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CROOKED (A.K.A. SOFT TARGET) is a film from late in Don Wilson's prime career – that is, from before his hiatus around the turn of the decade. Overall, it goes to show that it wasn't a bad time for him to take a break, not necessarily because he no longer had the stuff but because the DTV action circuit seemed to have left him behind. The movie is weak sauce, for despite its strong supporting cast, it's lacking in style and substance. I'll say it now: this one's for completionists, only.
The story: Two police detectives – Tyler (Wilson) and Yordan (Olivier Gruner) – are assigned to protect a witness to an underworld murder (Diana Kauffman), but their efforts are hampered by internal corruption.
The film's primary selling point is its cast, which also includes Gary Busy, Martin Kove, and Fred Williamson. However, don't get your hopes up: while Wilson and Gruner make the most of their team-up, Williamson and Kove have a combined screen time of maybe five minutes and Busey doesn't even get in on the action. Personally, I was expecting this – Martin Kove has particularly been irritating me for a long time with his reluctance to do fight scenes – but it could be very disappointing to someone who thinks they've come across a B-movie supergroup. That's not to take away from the memorable performances delivered by lead villain Michael Cavalieri and Martin Morales as a flamboyant pimp, and Gary Busy manages to be memorable, but it's not what viewers wanted to see.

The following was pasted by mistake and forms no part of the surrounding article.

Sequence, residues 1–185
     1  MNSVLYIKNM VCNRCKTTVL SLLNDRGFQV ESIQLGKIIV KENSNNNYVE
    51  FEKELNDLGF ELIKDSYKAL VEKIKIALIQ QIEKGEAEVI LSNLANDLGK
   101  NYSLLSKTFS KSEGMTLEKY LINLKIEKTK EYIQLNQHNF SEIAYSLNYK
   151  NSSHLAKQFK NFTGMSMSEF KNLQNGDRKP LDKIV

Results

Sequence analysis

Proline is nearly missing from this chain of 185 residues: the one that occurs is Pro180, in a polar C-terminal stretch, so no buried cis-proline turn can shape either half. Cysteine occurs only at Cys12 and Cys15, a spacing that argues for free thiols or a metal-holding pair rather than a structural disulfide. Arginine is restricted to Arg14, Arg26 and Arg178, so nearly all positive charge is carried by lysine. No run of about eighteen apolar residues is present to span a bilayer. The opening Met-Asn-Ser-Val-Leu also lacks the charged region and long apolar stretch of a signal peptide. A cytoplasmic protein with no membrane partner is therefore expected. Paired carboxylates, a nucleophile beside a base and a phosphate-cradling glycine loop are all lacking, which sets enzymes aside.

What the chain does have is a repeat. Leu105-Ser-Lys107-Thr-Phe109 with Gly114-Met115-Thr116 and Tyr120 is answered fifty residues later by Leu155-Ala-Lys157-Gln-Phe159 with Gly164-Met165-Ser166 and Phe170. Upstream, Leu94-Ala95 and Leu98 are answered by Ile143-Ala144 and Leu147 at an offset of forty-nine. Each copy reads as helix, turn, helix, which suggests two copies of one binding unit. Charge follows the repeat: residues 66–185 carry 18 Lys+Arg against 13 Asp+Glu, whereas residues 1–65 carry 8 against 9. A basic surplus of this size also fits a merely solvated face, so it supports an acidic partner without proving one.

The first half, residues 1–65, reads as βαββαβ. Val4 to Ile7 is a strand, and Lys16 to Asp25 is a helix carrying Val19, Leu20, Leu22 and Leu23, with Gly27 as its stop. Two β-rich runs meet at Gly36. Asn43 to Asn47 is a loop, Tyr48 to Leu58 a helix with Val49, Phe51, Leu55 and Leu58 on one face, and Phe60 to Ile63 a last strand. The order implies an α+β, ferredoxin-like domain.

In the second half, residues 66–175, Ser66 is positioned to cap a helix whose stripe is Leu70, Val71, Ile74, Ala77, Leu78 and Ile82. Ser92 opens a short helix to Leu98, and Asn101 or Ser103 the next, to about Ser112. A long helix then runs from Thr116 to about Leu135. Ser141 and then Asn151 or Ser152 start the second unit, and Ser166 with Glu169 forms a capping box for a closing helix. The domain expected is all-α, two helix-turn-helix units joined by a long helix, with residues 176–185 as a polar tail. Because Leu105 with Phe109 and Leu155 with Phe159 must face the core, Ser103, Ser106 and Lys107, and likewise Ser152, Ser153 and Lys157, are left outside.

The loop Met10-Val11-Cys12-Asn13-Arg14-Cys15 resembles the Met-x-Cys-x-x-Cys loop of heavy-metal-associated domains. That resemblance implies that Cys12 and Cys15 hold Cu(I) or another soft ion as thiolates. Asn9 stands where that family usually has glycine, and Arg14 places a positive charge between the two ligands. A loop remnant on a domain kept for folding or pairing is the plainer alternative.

Speaking of things unwanted, I'm sorry to say that the movie is ugly in more ways than one. Production-wise, the movie toes the line of an indie feature. The way it's been shot makes me think it had a very rushed schedule: endless nighttime scenes, shaky camera-work, inharmonious editing, and a lot of ADR lines. All of this amplifies the sleazy tone of the story, which really turned me off. Few of the characters are endearing, with Yordan in particular doing all he can for the viewer not to like him. Violence against female characters and sexist dialogue is recurrent. As usual, Don Wison's character is a paragon of morality, but he's on in his own in that regard, amidst all of these other slimy critters. Basically, this isn't the kind of film you watch to put you into a good mood.
The same is generally true for the action content, though it has its redeeming qualities and ends up being the one passable aspect of the film. There are four shootouts and five full-length fistfights, and while the former are overlookable, the latter can be decent. Don Wilson and Olivier Gruner don't fight each other and that's pretty disappointing (especially when the film teases it), but they do fight alongside each other and that's pretty cool. A direct comparison favors Gruner: even though both performers are former pro kickboxers and have been listed among the authentic "tough guys" of martial arts movies, Wilson plays his fights very safe with relatively slow choreography and a lot of cuts, whereas Gruner performs a more dynamic and rougher-looking style of brawl that more accurately conveys his real-life strength and ability.
CROOKED isn't a film for casual martial arts fans. It *might* pass for a slow night on cable, but that's only if you really want to see the two lead stars and are tolerant about shortcomings.
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